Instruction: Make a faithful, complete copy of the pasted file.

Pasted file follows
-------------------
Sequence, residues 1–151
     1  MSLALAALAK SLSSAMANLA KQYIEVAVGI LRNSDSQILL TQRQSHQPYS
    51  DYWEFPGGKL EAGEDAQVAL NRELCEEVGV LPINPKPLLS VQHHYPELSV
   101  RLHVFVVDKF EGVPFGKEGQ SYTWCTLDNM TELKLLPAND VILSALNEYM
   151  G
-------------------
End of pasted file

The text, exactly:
Sequence, residues 1–151
     1  MSLALAALAK SLSSAMANLA KQYIEVAVGI LRNSDSQILL TQRQSHQPYS
    51  DYWEFPGGKL EAGEDAQVAL NRELCEEVGV LPINPKPLLS VQHHYPELSV
   101  RLHVFVVDKF EGVPFGKEGQ SYTWCTLDNM TELKLLPAND VILSALNEYM
   151  G